When I mentioned the z-word -- "zoning" -- as a possible explanation for the town's frozen-in-time character, I thought Donnie was going to explode. He once tried to open a car wash and was quashed by the zoning police.

When he told me about the historic/architectural review nazis who made getting a simple business sign a six-month ordeal, he reminded me of me. We quickly bonded like brothers, even though he was born in Australia.

 muniWhen Donnie's friend Mike walked by, he called him over and told him I was asking about Steinbeck. Mike, of course, happened to be from Pittsburgh's North Side.

He first came here in 2000 to renovate a vacation house for a Pittsburgh couple. He liked it so much, he stayed and now lives in an apartment above a store on Main Street. I suspect he won't be the last ex-patriated Pittsburgher I'll meet. 

 Mike, who told me his last name but asked me not to use it, was full of local history/knowledge.

Sag Harbor is the "unHampton." Unlike South-, North- and Bridgehampton, Sag Harbor is not ruined by chain stores and box stores.

By chain stores, Mike didn't mean Walmarts and CVSes, he meant Gucci and Coach and Saks. He actually liked the architectural review board's work and wished it had been started long before 1972 because it would have preserved more of the town's authenticity.

 Like Donnie, Mike explained that Sag Harbor has a core population of less than 3,000 that jumps to about 15,000 in summer.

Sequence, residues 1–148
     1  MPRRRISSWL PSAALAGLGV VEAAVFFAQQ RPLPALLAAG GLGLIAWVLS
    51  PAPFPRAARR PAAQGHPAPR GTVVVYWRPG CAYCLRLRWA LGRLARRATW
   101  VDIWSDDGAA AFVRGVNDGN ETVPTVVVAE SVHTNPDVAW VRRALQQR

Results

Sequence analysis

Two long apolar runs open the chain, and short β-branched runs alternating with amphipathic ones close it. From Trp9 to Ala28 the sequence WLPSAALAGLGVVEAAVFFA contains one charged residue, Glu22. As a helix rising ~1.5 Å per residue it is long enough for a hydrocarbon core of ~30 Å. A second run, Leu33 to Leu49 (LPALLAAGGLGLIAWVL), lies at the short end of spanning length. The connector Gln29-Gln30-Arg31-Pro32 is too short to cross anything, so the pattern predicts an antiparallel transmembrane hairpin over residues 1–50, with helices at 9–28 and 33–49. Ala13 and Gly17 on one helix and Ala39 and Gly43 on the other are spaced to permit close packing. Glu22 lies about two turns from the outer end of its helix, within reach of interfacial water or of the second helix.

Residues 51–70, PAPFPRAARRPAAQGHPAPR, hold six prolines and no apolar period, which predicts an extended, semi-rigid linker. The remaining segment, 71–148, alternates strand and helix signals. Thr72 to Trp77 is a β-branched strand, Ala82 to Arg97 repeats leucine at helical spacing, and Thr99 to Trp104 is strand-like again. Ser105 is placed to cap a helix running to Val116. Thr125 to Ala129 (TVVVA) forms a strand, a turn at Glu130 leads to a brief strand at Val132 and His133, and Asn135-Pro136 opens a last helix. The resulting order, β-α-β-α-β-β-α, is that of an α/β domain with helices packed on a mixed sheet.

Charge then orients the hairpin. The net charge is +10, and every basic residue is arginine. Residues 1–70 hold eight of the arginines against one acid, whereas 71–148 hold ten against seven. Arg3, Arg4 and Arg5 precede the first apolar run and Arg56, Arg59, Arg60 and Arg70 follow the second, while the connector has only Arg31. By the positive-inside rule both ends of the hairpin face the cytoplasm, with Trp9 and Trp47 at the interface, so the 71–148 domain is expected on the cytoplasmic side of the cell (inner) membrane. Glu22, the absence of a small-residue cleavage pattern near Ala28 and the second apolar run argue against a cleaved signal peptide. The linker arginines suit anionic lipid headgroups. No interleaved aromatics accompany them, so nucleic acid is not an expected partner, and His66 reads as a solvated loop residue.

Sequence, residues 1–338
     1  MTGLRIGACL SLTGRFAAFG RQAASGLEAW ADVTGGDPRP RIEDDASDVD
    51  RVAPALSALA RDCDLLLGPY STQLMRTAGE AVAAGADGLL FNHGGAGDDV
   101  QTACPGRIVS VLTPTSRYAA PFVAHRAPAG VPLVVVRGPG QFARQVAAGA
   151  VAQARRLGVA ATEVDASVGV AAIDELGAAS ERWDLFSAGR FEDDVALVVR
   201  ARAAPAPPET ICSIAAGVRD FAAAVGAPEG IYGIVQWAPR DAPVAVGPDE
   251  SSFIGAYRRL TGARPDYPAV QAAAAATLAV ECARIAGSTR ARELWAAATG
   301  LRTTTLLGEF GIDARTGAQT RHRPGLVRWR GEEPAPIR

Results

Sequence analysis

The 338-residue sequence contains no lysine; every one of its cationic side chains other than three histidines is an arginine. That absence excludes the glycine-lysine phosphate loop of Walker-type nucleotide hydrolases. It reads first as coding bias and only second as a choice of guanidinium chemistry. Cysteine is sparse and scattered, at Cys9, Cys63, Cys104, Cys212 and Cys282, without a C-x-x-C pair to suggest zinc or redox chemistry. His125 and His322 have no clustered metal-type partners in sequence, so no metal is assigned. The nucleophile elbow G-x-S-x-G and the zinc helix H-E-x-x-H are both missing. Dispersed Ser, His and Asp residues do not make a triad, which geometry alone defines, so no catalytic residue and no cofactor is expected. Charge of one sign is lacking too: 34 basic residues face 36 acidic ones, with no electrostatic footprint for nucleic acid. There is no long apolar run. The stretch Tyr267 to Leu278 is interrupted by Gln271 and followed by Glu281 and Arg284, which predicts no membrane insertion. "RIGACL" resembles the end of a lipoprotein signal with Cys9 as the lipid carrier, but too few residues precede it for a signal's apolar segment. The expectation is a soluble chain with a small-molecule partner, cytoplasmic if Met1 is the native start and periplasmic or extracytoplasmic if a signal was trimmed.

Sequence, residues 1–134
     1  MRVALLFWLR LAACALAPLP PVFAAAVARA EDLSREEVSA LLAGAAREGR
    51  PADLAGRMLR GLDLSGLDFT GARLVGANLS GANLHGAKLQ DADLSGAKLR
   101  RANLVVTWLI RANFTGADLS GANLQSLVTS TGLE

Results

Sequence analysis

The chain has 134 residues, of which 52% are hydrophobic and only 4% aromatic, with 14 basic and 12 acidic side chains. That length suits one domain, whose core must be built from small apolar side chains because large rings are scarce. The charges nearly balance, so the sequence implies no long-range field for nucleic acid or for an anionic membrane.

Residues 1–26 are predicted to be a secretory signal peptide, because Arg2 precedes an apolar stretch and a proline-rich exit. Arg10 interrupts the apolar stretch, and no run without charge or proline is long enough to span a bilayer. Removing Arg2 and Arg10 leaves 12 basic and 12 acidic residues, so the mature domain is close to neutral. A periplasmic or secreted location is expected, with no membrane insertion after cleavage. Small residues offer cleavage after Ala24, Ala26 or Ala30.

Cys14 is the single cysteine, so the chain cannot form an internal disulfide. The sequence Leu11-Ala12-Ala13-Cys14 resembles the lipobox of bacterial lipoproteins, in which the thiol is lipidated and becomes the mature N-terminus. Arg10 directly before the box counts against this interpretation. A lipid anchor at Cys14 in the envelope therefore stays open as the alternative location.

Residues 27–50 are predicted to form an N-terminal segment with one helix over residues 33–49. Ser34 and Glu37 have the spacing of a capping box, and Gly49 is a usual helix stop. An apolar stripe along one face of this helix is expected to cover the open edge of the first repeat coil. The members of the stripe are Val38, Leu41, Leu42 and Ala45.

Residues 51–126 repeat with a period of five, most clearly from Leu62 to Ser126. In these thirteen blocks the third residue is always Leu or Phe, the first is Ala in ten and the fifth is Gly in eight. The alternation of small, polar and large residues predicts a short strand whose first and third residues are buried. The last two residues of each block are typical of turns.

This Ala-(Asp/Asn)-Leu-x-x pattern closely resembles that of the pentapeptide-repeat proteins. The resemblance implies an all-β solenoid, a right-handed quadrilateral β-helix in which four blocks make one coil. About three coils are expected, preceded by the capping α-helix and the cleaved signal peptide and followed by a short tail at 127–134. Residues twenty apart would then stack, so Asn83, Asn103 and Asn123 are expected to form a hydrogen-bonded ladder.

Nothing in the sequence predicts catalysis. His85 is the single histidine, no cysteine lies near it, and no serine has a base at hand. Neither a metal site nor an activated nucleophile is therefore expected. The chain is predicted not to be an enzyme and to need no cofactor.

A thousand boats swarm to the great harbor that once drew whaling ships. Ten will be mega-yachts -- 200-footers -- and dozens are 100-footers.

Mike, 54,  makes his living building and designing homes in the Hamptons. Except for summer, he said it's a nice quiet town. It's also bitter cold and wet and pretty uncomfortable in the winter, when the sidewalks are as empty during the day as they are in September  at 9:30 at night.

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Driving in Squares

Wednesday, 22 September 2010 01:53 PM Written by


I never even got close to Staten Island.

Somehow, in part because I was talking on my cell to a Sag Harbor newspaper guy, on the southerly way to Long Island I ended up getting sucked into the Holland Tunnel.

Guess my cargo pod didn’t cause any suspicion from Homeland Security.

I popped out in the human and commercial madness that is Manhattan.



Hundreds – literally – of cops standing in teams of four at intersections and in the street, waving and pointing at cars.